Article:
What then, might it mean to shepherd a flock that includes LGBTQIA members toward Christlikeness? The questions we have raised thus far are pastoral as much as they are theological, for it is in particular communities of faith that they will be worked out. How can pastors work to encourage apprenticeship to Jesus, while creating space to attend to the agent of queering? How can LGBT Christians be formed into Christlikeness, able to entrust themselves to a tradition which until recently (and even now) has caused them grave harm? In his book, The Good and Beautiful God, James Bryan Smith provides a helpful model for understanding spiritual formation, derived from the work of Willard, Foster, and others. His “golden triangle” of formation differs slightly from Willard’s, but incorporates the wider themes of the Curriculum for Christlikeness proposed by Willard in The Divine Conspiracy. Formation, Smith suggests, is the work of the Holy Spirit along three primary means: narrative, practices, and community. Our narratives provide the shaping stories about God, self, and others by which we live; an essential part of formation into Christlikeness is changing these stories so they become more like the stories Jesus lived by. This is done by engaging spiritual practices, which train these narratives into our physical and emotional selves indirectly, a process that takes place only in community — the tradition of practice in which we are apprenticed. Using this model, I want to explore briefly what a community of formation which takes the presence of queer persons seriously might look like.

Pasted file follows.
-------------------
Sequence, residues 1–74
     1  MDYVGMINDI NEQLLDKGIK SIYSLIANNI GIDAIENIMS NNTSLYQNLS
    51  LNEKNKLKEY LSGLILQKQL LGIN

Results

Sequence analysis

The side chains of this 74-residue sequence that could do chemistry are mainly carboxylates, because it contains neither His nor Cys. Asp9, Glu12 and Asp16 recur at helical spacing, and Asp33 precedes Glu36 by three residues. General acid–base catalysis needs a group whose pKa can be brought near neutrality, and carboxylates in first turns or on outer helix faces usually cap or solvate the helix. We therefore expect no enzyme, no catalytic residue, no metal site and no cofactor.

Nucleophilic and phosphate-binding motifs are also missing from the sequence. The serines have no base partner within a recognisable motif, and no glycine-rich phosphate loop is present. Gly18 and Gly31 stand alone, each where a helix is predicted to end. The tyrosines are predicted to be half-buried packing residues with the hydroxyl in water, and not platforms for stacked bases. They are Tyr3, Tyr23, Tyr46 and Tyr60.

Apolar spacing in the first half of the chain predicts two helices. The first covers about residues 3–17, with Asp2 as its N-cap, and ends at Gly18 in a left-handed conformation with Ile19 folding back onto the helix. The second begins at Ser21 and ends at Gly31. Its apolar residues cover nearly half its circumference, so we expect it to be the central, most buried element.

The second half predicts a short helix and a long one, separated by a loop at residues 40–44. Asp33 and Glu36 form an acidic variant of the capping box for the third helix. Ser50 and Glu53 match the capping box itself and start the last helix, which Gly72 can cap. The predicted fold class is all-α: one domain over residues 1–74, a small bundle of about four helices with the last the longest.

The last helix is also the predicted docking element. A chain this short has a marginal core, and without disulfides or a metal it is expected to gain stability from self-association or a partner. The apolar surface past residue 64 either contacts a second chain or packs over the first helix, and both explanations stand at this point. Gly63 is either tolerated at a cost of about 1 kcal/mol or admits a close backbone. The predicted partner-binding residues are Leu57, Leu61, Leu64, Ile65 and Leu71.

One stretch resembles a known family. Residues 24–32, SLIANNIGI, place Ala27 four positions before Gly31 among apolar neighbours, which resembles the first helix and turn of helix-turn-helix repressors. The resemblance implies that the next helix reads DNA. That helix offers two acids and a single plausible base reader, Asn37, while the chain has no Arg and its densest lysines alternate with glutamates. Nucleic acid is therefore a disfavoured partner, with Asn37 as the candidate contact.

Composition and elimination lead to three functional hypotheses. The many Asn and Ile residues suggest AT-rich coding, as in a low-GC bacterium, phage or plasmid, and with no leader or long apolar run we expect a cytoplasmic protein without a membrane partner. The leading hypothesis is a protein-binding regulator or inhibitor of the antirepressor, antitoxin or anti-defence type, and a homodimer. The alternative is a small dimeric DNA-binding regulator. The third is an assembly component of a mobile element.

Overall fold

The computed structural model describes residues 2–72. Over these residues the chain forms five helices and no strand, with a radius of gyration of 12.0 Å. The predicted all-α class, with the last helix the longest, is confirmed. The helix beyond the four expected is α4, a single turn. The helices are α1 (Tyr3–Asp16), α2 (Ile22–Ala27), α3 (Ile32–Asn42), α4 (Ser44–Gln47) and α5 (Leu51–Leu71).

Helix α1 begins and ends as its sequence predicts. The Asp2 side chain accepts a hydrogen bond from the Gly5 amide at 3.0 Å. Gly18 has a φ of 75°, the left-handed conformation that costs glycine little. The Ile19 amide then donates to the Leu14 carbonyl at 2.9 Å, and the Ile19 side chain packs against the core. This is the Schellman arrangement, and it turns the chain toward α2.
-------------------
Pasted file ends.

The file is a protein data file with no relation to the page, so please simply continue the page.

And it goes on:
First, the narrative pastors teach such a community would be an open-ended theodrama rather than a closed “epic” narrative. Nicholas Healy develops this concept in his book Church, World and the Christian Life. Unlike “epic” narratives which put the Church in possession of final Truth and Superiority, the theodrama is God’s story, a horizon witnessed to but never owned by the Church or its tradition. The Church does not constitute a certain, authoritative tradition; “rather, it is the communal embodiment of the search for truthful witness and discipleship within the theodrama. It is a religious body which knows that truth cannot be possessed, but must be continually received, and with due humility in face of its sinfulness and finitude. It is a religious body that knows that the gift of truth is essentially dependent upon genuine engagement with both the divine Other and human others.” As participants in the theodrama, our knowledge of God’s truth is essentially limited — not only by our situated position as human creatures, but also because of the nature of the divine Other. As in the apophatic tradition, such a community’s story of God would include essentially that he is Other, disruptive of binaries, norms, and preconceptions. Indeed, just as Karl Barth introduces an image of Trinity as “Revealer, Revelation and Revealedness,” we can explore the Trinity as Queer, Queered, and Queering. The Father, who is “Unoriginated Origin” and therefore “confronts humanity as the ‘totally other’” in alterity, is the ultimate Queer — unexpected, other, strange, beyond boundaries. Jesus is seen by queer theology as “Queered,” as both humanity and divinity are rendered strange in the Incarnation and union with humanity. And the Spirit is “Queering,” the one whose hovering over all things renders them mysterious, strange, other and calls us past false binaries into the mysterium tremendum of both God and creation. In brooding over the chaos of our constructed order, the Queering Spirit invites us into the true order that we, at first, perceive as transgressive chaos. This theodramatic narrative recasts the tradition of the church — the “craft” into which apprentices are initiated — from a static into a dynamic form. Rather than “masters of knowledge,” Christians become “masters of seeking,” the people whose tradition forms them well for openness to the Queering Spirit. This story is the one pastors can tell without collapsing the queer in their community out of the picture.